Hostas are low-maintenance, shade-tolerant perennials with beautiful foliage. Their clump-like mounds fill spaces in the garden, and their flower spikes are favorites of bees and other pollinators. While gardeners generally consider hostas very easy to grow, there are some conditions that may lead to these popular plants not flowering.
Hostas prefer some shade, but not deep shade. The ideal growing area would receive morning sun and afternoon shade. If your plants are in deep shade, they may not develop flowers and focus instead on expanding their foliage.
If the soil is not nutritionally balanced, try a granular 10-10-10 fertilizer. Apply it once early in the spring, again six weeks later and finally in mid-July. The ideal pH level for the soil is 6.5 to 7.5.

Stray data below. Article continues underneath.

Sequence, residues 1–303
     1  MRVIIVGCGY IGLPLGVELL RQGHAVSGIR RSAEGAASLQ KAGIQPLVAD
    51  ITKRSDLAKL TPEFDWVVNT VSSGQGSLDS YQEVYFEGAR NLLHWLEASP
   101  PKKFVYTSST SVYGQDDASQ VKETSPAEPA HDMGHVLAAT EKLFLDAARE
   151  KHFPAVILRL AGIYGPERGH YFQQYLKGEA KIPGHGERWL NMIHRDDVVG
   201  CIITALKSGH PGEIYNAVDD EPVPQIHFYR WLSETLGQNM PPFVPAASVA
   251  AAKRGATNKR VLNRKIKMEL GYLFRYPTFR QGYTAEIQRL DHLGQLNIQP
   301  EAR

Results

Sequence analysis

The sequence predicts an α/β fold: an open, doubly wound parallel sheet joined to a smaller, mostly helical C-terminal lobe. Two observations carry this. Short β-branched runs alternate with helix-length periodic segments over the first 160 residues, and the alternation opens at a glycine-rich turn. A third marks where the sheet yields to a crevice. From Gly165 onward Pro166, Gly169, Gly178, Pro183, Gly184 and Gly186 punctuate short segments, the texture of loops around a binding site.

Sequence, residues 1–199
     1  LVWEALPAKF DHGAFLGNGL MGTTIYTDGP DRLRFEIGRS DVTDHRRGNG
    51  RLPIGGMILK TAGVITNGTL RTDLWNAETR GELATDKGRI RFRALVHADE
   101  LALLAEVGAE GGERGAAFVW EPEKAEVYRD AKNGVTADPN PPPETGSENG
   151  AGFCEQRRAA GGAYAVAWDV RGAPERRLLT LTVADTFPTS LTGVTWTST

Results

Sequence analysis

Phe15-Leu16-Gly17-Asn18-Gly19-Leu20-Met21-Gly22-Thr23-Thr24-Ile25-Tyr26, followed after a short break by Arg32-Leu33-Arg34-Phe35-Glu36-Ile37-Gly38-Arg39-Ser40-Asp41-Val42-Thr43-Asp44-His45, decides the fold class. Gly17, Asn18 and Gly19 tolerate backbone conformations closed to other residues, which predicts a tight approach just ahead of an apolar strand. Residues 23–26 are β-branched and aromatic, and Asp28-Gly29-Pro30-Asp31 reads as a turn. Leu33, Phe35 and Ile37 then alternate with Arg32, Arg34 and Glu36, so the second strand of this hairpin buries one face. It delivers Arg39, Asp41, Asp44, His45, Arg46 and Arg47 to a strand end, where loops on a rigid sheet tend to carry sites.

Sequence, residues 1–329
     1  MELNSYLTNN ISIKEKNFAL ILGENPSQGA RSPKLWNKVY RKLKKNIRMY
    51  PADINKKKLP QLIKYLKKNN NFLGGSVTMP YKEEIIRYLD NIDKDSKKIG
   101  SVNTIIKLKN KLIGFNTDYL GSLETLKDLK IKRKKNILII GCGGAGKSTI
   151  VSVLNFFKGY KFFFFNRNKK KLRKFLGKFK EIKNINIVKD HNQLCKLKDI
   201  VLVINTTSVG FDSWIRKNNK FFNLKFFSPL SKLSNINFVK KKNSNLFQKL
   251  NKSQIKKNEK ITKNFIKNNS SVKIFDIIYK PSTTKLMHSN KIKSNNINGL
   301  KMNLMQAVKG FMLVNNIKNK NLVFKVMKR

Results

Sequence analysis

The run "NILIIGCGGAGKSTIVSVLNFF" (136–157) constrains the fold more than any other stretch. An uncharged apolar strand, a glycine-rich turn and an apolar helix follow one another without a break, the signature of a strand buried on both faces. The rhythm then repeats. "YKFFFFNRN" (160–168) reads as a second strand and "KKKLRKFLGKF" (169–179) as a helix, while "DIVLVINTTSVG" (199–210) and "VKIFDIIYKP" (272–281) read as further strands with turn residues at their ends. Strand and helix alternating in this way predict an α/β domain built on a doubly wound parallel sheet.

Inadequate watering will also affect hostas. They need a minimum of one inch of water per week during the growing season.
Hostas are a favorite food of slugs and snails. These mollusks will leave large holes in your plant's leaves and can easily damage newly emerged flower stalks. Try using chemical slug baits or beer traps to get rid of the pests.
Deer are also attracted to hostas and can clear out an entire bed in one evening.
Hostas can take up to four to eight years to reach maturity. Some varieties will not bloom until they have reached almost full size. Check with your garden center for information on your specific cultivar.
Frost or hail damage can keep your hosta from flowering. Because the roots are generally not affected, it's likely your plant will survive and return to bloom the following season.
Dividing a hosta is easy to do; simply cut the plant vertically in half with a straight-edged shovel. It is easy to divide and move. However, the shock of the divison may initially keep your hosta from blooming. The plant should return to normal for the next season.